As Facebook spreads, so does malware
"Facebook finally hits the mainstream," a CNET post proclaims today. A report from industry watcher O'Reilly Radar finds that US growth for the site has been strongest among users aged 26-59. It comes as no surprise, then, that as the site's reach expands, that attempts to exploit it should also.
This morning I awoke to an email warning of a malicious message circulating among Facebook friends. Turns out I wasn't alone. The Journal of New England Technology reports:
“Look you were filmed all naked!” read the subject header on one iteration of the virus-spreading message, which is being sent automatically from infected accounts to the “friend” list for that account. Clicking the link usually takes users to a page that looks like YouTube, and a pop-up message advises the user to download a Flash plug-in. The download contains the virus, which replicates by contacting everyone on the victim’s Facebook friend list and advancing the hoax.
The "Koobface" worm was first discovered in the middle of this year, and can open back doors that can install other software.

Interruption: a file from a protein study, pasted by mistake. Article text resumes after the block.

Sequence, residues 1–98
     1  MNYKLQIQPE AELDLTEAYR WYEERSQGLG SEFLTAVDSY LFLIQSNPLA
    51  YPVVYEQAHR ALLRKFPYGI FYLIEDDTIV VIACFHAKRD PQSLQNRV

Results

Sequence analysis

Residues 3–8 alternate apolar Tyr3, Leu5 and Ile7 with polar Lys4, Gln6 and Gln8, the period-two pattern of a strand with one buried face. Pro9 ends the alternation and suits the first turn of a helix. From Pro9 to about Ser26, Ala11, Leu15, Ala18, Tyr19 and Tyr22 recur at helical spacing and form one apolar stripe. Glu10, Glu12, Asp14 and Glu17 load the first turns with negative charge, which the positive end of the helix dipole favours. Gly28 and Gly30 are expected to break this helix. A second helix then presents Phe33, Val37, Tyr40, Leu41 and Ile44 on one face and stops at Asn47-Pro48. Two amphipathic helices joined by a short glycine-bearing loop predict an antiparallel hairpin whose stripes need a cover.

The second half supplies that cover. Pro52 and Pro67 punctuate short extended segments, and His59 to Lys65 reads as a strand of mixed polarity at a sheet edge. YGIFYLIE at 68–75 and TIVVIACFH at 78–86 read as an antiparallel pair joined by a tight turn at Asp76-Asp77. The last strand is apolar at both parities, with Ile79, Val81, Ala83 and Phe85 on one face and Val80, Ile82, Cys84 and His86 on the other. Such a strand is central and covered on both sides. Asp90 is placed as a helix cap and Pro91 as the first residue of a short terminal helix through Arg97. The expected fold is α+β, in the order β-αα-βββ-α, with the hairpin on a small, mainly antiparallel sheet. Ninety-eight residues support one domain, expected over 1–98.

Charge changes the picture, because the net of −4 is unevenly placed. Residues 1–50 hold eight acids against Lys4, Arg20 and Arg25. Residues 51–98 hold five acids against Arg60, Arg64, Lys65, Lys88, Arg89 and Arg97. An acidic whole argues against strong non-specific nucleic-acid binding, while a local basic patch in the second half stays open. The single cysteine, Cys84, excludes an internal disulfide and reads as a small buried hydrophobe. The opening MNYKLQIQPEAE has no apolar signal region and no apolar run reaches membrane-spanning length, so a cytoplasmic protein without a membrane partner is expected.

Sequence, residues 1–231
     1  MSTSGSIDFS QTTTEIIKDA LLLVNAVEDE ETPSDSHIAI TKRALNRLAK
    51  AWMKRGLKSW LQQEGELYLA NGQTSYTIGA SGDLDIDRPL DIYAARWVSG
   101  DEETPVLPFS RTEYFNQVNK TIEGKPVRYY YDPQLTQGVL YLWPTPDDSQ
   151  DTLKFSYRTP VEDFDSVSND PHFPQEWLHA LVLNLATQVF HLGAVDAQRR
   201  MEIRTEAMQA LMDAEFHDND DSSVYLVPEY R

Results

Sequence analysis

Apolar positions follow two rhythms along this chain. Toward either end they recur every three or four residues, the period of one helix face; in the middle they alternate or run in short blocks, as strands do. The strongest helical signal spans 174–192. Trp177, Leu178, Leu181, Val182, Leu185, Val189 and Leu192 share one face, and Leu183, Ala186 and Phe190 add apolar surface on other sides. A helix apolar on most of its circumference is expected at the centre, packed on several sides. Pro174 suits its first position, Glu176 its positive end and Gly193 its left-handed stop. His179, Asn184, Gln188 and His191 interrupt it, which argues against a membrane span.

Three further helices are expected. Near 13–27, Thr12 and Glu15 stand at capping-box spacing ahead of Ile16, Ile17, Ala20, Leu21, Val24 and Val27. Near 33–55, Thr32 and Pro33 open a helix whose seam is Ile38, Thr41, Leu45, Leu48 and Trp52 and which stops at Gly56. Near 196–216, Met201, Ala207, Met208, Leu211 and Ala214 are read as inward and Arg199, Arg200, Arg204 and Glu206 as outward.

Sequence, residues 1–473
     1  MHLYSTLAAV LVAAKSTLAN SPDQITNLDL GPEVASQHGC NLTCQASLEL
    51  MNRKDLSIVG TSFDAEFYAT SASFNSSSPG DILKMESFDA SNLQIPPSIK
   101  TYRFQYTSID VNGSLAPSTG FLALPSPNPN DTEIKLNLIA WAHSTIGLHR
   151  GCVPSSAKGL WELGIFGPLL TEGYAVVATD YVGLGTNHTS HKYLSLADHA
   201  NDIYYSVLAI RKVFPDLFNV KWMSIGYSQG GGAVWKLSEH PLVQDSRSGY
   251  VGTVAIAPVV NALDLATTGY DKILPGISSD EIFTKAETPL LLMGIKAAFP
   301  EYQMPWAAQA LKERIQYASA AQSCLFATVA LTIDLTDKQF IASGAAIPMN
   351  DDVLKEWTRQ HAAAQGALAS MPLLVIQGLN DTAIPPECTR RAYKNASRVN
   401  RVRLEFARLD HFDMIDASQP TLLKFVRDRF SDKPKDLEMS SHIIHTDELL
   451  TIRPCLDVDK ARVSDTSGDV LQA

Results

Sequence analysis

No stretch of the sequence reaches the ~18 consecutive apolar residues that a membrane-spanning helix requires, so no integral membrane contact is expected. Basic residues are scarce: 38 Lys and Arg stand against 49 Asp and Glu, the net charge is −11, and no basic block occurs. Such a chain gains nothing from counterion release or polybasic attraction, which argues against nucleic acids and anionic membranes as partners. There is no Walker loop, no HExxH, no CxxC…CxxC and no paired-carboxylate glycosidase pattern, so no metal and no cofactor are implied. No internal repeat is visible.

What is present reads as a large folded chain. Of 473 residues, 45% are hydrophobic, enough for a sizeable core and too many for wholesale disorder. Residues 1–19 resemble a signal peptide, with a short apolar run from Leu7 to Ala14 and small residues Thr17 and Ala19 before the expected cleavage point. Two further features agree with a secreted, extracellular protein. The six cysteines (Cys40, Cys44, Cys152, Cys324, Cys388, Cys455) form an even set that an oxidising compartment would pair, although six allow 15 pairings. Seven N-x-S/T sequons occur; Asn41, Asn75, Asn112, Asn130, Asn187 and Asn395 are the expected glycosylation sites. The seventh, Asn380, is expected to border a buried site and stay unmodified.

The resulting round of "Sorry, I was hacked – don't click that link I sent you" emails are time consuming and embarrassing, and efforts to get back a compromised account can be difficult, and sometimes futile.
The tactic isn't an old one on the Web, but it is finding resurgence in Facebook as more users join the site.
An experiment carried out in 2007 by Sophos found that 41 percent of Facebook users risk revealing sensitive personal information to total strangers by accepting friend requests from people unknown to them.
From its start, Facebook has relied on personal connections to build community. At first only college students could join the site. Then high schoolers could get in. Then companies. Now anyone is welcome. The gates to this walled garden have come down.
This new round of Facebook users – the moms and hairdressers – likely have the "web smarts" to filter obvious scams from their email inboxes, but the community that a site like Facebook thrives and relies on may be lulling them into a false sense of trust.
Facebook responded to this type of malware intrusion the first time it reared its head earlier this year, implementing a "black list" of sites that can't be linked to from Facebook.
Users of social networking sites can do many things to protect against from this type of attack, including participating in sites like PhishTank, but the easiest thing to do is remain skeptical and alert.